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Lect5_L6_L7_handout1

# Lect5_L6_L7_handout1 - lecture 5 Probability II lecture 5...

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lecture 5, Probability II lecture 5, Probability II Outline The Concept of Probability Sample Spaces and Events Some Elementary Probability Rules Conditional Probability and Independence

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lecture 5, Probability II lecture 5, Probability II Example, Conditional Probability Professor Stein has awarded 156 A’s among 1000 students that he has taught. What’s the chance for a randomly selected student from Professor Stein’s class to obtain an A? Amy works 10 hours or more every week for professor Stein’s course. Amy’s really interested in knowing “What’s the chance for a student who work 10 hours or more to be awarded an A?" Conditional Probability
lecture 5, Probability II lecture 5, Probability II Conditional Probability The probability of an event A, given that the event B has occurred, is called the conditional probability of A given B Denoted as P ( A | B ) Further, P ( A | B ) = P ( A B ) / P ( B ) Assuming P ( B ) = 0

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lecture 5, Probability II lecture 5, Probability II Interpretation Restrict sample space to just event B The conditional probability P(A|B) measures the chance of event A occurring in this new sample space In other words, if B occurred, then what is the chance of A occurring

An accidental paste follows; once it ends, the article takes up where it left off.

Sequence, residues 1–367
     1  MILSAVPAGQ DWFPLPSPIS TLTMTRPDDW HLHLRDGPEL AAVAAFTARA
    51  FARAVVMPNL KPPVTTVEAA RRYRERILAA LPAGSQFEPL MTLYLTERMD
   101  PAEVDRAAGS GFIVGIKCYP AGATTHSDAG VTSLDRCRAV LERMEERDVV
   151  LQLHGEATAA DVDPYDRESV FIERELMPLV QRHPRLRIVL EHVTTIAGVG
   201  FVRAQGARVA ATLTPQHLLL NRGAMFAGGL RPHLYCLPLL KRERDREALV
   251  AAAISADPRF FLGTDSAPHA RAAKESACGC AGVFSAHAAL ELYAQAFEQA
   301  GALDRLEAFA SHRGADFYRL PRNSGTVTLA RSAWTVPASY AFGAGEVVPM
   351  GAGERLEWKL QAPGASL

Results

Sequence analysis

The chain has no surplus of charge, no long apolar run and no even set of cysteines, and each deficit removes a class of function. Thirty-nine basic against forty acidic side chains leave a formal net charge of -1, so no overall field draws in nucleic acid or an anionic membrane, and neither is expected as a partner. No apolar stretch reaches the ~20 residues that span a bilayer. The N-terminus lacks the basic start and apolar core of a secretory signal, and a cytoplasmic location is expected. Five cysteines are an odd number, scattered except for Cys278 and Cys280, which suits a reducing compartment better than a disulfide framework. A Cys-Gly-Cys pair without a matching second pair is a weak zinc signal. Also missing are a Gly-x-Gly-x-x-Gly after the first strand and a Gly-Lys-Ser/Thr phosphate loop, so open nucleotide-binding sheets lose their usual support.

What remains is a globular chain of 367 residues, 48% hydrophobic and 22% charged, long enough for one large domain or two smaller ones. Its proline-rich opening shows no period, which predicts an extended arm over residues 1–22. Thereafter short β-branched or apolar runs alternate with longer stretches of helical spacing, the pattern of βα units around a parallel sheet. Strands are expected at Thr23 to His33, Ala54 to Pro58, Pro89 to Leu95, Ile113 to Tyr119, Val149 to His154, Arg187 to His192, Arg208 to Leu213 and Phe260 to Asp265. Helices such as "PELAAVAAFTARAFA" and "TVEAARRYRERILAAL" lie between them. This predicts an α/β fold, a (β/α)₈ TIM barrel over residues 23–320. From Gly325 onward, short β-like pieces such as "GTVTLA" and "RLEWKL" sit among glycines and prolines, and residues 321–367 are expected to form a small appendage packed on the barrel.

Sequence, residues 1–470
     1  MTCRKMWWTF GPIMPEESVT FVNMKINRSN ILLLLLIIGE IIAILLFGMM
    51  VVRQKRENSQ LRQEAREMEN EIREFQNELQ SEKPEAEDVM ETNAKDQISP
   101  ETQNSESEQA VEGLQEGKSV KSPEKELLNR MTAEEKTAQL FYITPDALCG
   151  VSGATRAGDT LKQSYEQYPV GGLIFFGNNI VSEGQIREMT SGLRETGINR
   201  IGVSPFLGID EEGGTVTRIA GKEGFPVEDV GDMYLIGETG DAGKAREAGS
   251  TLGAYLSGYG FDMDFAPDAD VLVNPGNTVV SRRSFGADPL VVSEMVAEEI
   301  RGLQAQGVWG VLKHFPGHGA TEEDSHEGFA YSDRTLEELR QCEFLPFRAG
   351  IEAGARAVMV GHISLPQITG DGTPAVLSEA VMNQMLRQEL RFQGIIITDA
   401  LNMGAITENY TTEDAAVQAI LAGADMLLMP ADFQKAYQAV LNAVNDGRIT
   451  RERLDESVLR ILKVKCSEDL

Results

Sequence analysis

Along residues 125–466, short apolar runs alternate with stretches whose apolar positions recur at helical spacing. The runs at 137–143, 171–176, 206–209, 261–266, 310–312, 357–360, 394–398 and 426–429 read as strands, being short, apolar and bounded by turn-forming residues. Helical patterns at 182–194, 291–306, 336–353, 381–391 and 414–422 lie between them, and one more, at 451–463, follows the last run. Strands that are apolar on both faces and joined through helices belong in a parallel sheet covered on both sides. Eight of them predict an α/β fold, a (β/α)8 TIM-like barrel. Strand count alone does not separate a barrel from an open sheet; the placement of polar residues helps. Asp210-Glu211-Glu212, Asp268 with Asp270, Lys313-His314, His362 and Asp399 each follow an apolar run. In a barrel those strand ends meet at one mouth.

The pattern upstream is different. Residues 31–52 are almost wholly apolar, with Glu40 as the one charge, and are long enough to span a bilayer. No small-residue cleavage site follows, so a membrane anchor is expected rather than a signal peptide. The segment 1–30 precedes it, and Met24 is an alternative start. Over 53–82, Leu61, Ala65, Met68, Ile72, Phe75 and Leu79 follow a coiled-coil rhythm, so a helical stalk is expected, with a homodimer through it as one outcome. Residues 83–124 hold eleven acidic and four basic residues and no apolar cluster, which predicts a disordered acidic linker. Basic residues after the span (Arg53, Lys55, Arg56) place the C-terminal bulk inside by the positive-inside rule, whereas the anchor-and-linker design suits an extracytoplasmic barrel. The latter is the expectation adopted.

lecture 5, Probability II lecture 5, Probability II Interpretation, ctd P ( A | B ) = P ( A B ) / P ( B ) P ( B | A ) = P ( A B ) / P ( A )

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lecture 5, Probability II lecture 5, Probability II General Multiplication Rule We have P ( A | B ) = P ( A B ) / P ( B ) Multiplying both sides by P ( B ) , we have P ( A B ) = P ( B ) P ( A | B ) Similarly, P ( B | A ) = P ( A B ) / P ( A ) P ( A B ) = P ( A ) P ( B | A ) General multiplication rule: P ( A B ) = P ( B ) P ( A | B ) = P ( A ) P ( B | A )
lecture 5, Probability II lecture 5, Probability II Independence of Events Two events A and B are said to be independent if and only if P ( A | B ) = P ( A ) This is equivalent to P ( B | A ) = P ( B ) . We assume that P ( A ) > 0 and P ( B ) > 0.

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lecture 5, Probability II lecture 5, Probability II Multiplication rule for Independent events If A and B are independent events, then P ( A B ) = P ( A ) P ( B ) If A 1 , A 2 , · · · , A N are independent events, then P ( A 1 A 2 ∩ · · · A N ) = P ( A 1 ) P ( A 2 ) · · · P ( A N )
lecture 5, Probability II lecture 5, Probability II Example, Newspaper Subscribers Define events: A = event that a randomly selected household subscribes to the Atlantic Journal B = event that a randomly selected household subscribes to the Beacon News Given: total number in city, N = 1,000,000 number subscribing to A, N ( A ) = 650,000 number subscribing to B, N ( B ) = 500,000 number subscribing to both, N ( A B ) = 250,000

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lecture 5, Probability II lecture 5, Probability II Contingency Tables Events B ¯ B Total A 250,000 ? 650,000 ¯ A ? ? ?
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